If Jack Eichel didn’t know every shift matters, he sure does now. (Harry Scull Jr./Buffalo News)

As we head into another hockey-free spring, it’s time to clean out the notebook:

*The NHL is a billion-dollar business, so it’s easy to get flippant about numbers. This guy is making “only” $1.5 million. That guy signed for “just” $9 million over four years.

The reality is these are astronomical figures. The players realize that, too. The majority come from blue-collar backgrounds or small towns. Jack Eichel’s parents, for instance, worked in plumbing supplies and nursing.

That’s why Eichel learned the biggest lesson of any Sabre this season. Had he finished in the top 10 in scoring, he would have earned a $2 million bonus. After recording two points in the final six games as Buffalo merely played out the string, Eichel dropped to 11th.  Edmonton’s Leon Draisaitl was 10th at .94 points per game, while Eichel finished at .93.

Just like that, $2 million disappeared. It’s no wonder Eichel said he’d like the last six games back. One more point – a scintillating goal or a secondary assist – would have put him at .95. He’d be cashing a check that most of the population could only imagine.

If there was ever proof that every shift matters, that’s it. It’s a brutal lesson for Eichel, but it’s certainly a valuable one for the 20-year-old.

*If Buffalo has an agreement with Russian defenseman Viktor Antipin, it could be a major coup. The 24-year-old is shining in the Kontinental Hockey League playoffs.

Antipin has six goals and 10 points in 17 playoff games for Magnitogorsk Metallurg. Antipin set the record for fastest goal in the Gagarin Cup finals Friday, scoring 27 seconds into the game. Metallurg is in a 3-1 hole heading into Sunday’s must-win meeting with SKA Saint Petersburg.

When asked about Antipin during his season-ending news conference, Tim Murray said only that Antipin is still playing in Russia. Therefore, the general manager couldn’t comment.

Antipin has a history of winning. He’s playing for his third Gagarin Cup and has silver medals for Russia in the world championships and world juniors. He’s 5-foot-11, 179 pounds and a left-handed shot.

The Sabres’ left-handed shots on the blue line this season were Jake McCabe, Josh Gorges, Dmitry Kulikov and Justin Falk.

(Highlights of Antipin are available by clicking here.)

*The idea of Lindy Ruff one day coming back to coach the Sabres is intriguing. Obviously, it’d be a major story. Reporters like major stories.

More than that, the organization could use a shot of history. While Murray and the coaching staff seem to genuinely like Buffalo, there is a sense they’re here because it’s a job. Bylsma wants to win a Stanley Cup because he’s a coach. Ruff wanted to win a Cup because he’s a coach and because Buffalo wanted a Cup.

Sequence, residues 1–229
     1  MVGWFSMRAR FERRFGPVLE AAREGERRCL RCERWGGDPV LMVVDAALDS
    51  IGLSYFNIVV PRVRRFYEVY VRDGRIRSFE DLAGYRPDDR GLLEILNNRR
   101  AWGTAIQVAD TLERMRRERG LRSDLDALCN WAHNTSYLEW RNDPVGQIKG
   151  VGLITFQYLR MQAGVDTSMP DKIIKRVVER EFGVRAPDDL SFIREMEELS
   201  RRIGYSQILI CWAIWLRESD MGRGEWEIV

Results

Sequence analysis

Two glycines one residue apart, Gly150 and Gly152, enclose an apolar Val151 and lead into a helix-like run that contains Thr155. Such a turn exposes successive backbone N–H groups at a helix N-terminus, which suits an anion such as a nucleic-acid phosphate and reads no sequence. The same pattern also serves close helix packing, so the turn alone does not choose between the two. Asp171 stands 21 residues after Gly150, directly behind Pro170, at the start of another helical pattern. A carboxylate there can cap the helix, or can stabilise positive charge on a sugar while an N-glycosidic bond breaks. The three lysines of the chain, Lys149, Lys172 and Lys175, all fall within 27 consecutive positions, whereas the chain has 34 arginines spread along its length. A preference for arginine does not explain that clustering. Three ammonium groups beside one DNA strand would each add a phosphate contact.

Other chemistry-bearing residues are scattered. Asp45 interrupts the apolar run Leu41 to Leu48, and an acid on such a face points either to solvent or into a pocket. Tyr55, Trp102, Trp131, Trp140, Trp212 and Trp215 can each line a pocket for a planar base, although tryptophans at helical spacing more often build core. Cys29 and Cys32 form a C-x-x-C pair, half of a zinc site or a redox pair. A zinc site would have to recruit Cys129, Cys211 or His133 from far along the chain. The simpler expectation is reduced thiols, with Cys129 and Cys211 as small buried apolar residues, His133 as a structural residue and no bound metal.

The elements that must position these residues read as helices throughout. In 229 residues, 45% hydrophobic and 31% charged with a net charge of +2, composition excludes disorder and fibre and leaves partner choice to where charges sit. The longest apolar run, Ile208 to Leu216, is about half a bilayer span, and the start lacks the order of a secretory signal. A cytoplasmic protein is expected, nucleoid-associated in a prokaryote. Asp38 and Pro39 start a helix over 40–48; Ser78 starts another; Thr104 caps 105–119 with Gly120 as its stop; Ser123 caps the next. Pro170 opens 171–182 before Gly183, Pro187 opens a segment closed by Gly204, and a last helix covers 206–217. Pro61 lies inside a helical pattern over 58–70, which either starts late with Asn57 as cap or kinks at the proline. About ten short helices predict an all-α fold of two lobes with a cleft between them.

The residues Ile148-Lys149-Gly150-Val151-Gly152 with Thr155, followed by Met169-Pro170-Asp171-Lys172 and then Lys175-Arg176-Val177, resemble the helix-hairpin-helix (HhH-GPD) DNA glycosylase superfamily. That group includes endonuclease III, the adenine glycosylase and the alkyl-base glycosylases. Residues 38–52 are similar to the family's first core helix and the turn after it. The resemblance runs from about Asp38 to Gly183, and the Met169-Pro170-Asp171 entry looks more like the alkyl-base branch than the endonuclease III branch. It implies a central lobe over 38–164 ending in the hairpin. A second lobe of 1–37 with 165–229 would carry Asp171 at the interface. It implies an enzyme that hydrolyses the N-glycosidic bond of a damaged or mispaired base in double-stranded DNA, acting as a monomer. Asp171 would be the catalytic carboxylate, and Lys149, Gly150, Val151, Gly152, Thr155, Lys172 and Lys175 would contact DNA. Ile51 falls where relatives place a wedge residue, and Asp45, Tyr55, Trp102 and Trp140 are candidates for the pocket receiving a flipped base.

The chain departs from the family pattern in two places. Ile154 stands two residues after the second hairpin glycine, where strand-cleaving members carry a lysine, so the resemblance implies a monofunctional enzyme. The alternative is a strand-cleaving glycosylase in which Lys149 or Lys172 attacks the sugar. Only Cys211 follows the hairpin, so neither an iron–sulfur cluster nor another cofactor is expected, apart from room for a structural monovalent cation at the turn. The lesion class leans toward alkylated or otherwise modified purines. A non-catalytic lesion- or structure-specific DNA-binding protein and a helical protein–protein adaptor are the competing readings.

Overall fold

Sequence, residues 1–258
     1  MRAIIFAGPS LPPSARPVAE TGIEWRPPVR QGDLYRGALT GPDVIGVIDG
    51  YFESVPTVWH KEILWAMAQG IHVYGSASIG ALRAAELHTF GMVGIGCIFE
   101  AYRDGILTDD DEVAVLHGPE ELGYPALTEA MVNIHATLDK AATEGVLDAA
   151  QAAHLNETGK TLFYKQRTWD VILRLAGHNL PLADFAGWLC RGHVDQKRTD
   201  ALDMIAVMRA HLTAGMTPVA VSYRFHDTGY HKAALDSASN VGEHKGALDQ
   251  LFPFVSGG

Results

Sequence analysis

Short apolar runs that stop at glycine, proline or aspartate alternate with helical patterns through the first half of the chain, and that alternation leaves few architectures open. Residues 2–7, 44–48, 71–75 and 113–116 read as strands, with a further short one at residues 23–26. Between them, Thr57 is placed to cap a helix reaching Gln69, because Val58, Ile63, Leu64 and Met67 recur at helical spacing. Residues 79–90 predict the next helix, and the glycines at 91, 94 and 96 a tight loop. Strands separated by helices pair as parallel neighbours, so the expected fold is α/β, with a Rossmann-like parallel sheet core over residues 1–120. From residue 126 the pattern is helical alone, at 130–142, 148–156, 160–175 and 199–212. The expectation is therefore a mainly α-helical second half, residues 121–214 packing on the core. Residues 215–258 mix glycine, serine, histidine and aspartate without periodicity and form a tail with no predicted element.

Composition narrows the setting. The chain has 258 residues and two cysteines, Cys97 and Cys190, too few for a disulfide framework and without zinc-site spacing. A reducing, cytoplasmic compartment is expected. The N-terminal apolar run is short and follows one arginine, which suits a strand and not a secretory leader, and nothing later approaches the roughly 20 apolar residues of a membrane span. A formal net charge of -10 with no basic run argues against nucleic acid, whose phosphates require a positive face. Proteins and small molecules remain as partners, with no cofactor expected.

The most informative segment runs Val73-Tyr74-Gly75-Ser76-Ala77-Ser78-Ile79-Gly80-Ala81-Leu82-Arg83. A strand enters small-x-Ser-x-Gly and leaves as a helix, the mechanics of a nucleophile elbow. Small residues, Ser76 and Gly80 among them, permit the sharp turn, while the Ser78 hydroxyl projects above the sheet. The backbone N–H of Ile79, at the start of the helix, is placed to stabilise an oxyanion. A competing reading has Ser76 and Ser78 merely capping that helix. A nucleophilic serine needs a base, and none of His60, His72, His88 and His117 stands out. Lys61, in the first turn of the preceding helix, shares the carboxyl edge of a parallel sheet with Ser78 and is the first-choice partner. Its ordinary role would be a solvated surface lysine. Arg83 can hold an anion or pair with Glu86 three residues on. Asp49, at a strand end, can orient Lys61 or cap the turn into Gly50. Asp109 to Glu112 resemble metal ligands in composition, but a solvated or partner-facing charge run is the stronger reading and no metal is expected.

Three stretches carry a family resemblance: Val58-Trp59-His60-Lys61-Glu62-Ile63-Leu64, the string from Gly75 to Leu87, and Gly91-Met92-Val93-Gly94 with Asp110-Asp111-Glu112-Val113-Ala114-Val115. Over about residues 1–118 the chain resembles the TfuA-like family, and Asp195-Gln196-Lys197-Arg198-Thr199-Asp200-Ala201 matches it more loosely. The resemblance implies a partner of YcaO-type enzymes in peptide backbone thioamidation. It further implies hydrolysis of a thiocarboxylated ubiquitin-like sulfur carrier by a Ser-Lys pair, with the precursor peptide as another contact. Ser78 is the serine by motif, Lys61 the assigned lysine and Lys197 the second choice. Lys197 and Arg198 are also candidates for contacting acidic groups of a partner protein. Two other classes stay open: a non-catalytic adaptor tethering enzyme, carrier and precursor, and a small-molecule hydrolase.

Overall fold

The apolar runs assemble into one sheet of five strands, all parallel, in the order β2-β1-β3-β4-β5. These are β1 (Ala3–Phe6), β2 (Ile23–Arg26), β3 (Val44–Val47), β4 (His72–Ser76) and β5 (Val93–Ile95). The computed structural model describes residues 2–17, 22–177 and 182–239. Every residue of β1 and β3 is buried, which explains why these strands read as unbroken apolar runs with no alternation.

*It’s time for major arena upgrades to keep pace with the rest of the league.

Imagine incorporating Canalside with KeyBank Center. The Sabres’ offices overlook the bustling waterfront. Maybe they could move their personnel into the building they just bought across the street. That would allow them to blow out walls, put in windows and expand the concourse. They could make better use of the Lexus Club.

Tampa Bay has a large party deck and bar connected to its upper levels, which mixes the outside with the inside. Obviously, it’s warmer in Tampa in February, but doing something similar in Buffalo would give the arena a more open feel and let fans congregate.

A new scoreboard would be nice, too, the monstrous kind that go from blue line to blue line.

*The Sabres’ next captain should be …

Determined at a later date. There’s no obvious, must-sew-on-the-C candidate.

“It just naturally happens, naturally occurs,” captain Brian Gionta said. “There’s a lot of guys on this team that lead, so it’s hard to say who.”

Eichel is the best player, but it says something that the players voted Ryan O’Reilly as their MVP. O’Reilly said his own failings as a leader let the team down. Maybe neither is quite ready. Maybe Kyle Okposo, a steady influence on the ice and in the room, is the choice if healthy.

There shouldn’t be a replacement for Gionta until it’s an obvious one.

*It is absolutely mind-blowing that Buffalo fans went another year without celebrating a hat trick. That's six straight seasons. The Sabres’ last three-goal game at home was April 5, 2011, when Thomas Vanek zapped the Lightning.

Rick Jeanneret shouting, “Here come the hats!” is long, long, long overdue.

*We’ll finish with four media awards.

Robin Lehner gets the “most interesting man to talk to” honor. His honesty and openness on a variety of topics make chats fun and enlightening.

Gionta earns the “true pro” award. After every loss, he sat at his stall and waited for the inquiry. He was the only one to play in all 82 games, so he faced a lot of questions about things that weren’t his fault.

Gorges gets the “man, can he talk” honor. If his next career isn’t in coaching, it should be in motivational speaking.

The “great work” award goes to Chris Bandura, the Sabres’ director of media relations, and his staff. The department has never run better during my 15 seasons covering the team. Looking forward to the 16th.

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